- Responsibility Definitions – Your organization should define in each MSP relationship; who is responsible for what. This should be as detailed as possible to remove any ambiguity. For example, it is important to define the jurisdiction of an MSP, should they be entrusted to manage your organization’s firewall, logging, and alert requirements. Management should comfortably be able to answer:
- Who is responsible for blocking malicious traffic?
- When should potential issues be escalated to in-house IT staff?
- What are the procedures and required frequency for reviewing policies and rules and who is responsible?
- Set Expectations – This is not only defining SLA terms. Setting expectations with your MSP can include how often and in what format you require project reports, what rules and regulations they must abide by to remain compliant, how frequently and which metrics should be provided to your organization, and the specific workflows they will need to abide by to fit into your organizational standards.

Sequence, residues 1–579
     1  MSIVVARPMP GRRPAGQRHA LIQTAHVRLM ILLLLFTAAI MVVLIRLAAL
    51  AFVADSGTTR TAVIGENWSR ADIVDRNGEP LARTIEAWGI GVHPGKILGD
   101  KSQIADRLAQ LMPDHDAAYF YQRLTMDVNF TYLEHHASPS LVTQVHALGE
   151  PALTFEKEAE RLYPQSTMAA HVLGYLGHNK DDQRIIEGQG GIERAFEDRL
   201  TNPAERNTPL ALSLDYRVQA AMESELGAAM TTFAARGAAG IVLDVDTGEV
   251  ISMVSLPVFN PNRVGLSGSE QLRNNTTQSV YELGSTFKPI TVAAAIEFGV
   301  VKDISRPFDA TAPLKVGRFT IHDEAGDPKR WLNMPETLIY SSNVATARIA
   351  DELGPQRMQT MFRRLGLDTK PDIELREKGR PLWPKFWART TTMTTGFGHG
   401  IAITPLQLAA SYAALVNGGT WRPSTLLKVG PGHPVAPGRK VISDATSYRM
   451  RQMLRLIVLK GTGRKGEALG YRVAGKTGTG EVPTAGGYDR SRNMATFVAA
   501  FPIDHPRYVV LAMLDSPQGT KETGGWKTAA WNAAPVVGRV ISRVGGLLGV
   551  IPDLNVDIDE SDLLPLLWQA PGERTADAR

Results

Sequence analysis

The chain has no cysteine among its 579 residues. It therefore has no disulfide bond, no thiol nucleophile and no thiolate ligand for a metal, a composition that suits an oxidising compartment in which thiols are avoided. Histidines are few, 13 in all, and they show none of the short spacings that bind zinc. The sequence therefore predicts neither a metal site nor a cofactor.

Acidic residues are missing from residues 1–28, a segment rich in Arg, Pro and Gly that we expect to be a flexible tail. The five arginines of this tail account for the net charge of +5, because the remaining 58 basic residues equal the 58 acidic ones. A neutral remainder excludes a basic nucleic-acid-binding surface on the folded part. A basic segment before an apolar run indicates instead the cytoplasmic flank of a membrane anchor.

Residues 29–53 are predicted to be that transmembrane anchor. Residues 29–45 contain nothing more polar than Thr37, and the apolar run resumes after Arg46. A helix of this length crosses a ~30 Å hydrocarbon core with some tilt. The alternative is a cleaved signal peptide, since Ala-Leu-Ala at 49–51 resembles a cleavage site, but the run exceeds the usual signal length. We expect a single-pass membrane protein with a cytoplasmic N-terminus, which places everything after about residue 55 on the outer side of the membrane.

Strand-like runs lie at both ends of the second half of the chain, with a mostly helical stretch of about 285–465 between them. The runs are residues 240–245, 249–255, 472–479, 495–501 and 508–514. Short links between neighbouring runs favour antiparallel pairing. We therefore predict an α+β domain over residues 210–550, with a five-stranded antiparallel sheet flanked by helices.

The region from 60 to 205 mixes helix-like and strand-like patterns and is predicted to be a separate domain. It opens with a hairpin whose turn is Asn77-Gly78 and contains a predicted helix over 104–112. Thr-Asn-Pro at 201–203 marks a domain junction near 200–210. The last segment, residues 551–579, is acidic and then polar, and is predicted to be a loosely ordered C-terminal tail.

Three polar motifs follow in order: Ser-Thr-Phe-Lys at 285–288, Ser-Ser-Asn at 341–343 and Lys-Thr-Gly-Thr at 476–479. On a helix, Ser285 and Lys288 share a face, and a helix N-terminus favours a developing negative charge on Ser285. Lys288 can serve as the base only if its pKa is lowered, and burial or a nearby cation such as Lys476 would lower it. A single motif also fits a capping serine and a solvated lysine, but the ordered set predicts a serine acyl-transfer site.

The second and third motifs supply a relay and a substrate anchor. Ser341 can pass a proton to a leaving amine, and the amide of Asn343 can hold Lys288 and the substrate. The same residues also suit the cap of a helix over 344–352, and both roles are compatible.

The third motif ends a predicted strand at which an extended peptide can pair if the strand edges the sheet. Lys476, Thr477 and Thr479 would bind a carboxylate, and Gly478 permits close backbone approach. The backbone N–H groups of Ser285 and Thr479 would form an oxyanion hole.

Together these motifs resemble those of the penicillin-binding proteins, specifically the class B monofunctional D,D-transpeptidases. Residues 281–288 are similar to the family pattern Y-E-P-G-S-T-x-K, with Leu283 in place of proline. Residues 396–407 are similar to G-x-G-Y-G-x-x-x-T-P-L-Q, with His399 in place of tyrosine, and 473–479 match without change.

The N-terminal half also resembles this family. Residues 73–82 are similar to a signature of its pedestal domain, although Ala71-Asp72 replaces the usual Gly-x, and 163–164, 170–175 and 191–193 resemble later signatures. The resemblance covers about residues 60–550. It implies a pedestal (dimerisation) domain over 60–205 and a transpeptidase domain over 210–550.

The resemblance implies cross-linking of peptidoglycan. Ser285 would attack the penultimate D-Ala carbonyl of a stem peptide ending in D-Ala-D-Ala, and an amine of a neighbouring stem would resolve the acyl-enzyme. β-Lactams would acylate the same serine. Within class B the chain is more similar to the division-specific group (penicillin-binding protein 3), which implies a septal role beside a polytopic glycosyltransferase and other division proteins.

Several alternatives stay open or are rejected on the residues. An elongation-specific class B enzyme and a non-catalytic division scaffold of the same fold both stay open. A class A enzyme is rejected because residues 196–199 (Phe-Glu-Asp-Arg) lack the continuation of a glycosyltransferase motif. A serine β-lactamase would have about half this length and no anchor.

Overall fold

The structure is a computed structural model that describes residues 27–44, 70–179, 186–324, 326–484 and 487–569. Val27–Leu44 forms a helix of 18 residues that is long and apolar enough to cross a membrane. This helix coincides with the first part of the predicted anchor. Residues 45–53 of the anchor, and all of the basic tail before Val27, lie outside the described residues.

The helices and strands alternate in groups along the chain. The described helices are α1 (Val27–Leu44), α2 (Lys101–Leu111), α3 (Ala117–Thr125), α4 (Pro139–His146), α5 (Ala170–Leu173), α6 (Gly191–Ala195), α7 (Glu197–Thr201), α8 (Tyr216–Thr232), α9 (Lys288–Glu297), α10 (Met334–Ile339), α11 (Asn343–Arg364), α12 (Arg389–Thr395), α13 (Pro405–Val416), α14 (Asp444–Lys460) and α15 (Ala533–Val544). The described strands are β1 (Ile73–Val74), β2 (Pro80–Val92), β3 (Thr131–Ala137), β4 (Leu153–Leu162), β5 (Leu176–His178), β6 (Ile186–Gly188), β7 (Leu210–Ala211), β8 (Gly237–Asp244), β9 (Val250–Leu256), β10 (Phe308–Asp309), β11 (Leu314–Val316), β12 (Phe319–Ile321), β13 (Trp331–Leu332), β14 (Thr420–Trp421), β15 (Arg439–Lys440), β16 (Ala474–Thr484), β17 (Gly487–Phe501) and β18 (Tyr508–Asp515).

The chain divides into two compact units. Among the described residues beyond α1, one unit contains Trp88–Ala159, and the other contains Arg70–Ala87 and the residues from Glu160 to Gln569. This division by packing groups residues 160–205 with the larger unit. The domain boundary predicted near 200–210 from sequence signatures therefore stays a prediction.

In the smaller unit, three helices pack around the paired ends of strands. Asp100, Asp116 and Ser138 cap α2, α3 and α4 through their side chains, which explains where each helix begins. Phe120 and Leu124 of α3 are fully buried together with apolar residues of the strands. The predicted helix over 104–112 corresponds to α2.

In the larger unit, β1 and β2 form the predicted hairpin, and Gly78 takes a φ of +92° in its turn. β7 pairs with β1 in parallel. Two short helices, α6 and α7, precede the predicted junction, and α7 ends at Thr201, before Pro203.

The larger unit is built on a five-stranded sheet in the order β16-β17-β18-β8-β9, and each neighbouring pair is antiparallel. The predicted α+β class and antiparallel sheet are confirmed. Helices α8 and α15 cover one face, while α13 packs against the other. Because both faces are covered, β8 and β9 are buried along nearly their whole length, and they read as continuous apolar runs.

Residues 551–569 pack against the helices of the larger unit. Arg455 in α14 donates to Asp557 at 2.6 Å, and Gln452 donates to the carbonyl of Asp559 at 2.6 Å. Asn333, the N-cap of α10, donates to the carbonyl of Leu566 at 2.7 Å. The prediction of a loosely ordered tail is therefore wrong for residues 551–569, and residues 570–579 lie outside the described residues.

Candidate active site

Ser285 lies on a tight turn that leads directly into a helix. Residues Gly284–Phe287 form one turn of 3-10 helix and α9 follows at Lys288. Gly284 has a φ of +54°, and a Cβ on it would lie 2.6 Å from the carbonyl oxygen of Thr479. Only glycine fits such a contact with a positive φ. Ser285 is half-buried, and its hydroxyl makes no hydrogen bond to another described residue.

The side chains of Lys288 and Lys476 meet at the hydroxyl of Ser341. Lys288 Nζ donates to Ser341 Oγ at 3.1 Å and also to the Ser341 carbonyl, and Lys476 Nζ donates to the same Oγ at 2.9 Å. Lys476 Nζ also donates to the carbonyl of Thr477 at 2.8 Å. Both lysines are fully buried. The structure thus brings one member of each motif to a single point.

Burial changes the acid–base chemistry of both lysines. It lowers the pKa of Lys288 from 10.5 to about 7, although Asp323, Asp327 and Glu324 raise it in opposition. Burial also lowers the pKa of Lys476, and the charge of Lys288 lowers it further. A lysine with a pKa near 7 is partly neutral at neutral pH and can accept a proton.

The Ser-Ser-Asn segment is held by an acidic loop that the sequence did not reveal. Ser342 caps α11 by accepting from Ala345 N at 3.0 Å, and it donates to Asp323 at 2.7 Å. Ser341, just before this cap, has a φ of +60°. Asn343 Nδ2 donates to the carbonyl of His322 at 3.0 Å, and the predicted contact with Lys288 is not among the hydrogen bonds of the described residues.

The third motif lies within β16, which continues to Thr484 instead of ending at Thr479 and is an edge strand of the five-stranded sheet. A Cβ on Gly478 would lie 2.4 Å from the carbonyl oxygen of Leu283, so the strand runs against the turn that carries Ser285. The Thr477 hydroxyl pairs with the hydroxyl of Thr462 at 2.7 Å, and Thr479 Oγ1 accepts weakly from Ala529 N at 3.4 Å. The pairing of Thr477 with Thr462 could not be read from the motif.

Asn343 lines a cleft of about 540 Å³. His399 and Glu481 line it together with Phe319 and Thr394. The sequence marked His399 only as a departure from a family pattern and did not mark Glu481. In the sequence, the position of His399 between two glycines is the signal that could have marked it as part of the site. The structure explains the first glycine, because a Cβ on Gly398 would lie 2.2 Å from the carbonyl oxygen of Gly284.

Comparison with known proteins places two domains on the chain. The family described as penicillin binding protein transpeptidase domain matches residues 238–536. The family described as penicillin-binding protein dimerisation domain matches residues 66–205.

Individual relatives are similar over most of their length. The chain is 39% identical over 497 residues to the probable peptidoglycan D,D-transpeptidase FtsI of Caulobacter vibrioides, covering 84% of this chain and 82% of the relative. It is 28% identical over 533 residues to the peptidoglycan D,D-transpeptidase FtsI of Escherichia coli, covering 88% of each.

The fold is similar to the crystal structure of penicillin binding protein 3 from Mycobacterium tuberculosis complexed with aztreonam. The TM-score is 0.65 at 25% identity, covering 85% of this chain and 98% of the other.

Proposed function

- Right to Audit – In the healthcare industry, standard Business Associate Agreements and contracts include the “Right to Audit” your vendors. This should instead be read as the “Responsibility to Audit”. When going through a HIPAA Security Risk assessment or similar, the MSPs should be equally involved in the process as they would be if the functions were performed in-house. All too often we see organizations excluding MSPs from the scope of the assessments instead of taking the opportunity to audit the processes performed by the MSPs to ensure that they are complying and abiding by the organization and regulatory standards.
MSPs can be an Asset, not an All-Encompassing Solution
Overall, it is important to stay diligent in all aspects of your information technology and security operations. Managed service providers are not perfect. All organizations need to have point-people or technical liaisons responsible for communicating expectations and project management goals with your managed service providers. To gain a better understanding of how you can more effectively manage your MSPs, be sure to speak to a cybersecurity professional with experience managing and/or assessing multiple MSP relationships. The resources are out there, all you need to do is ask the right questions.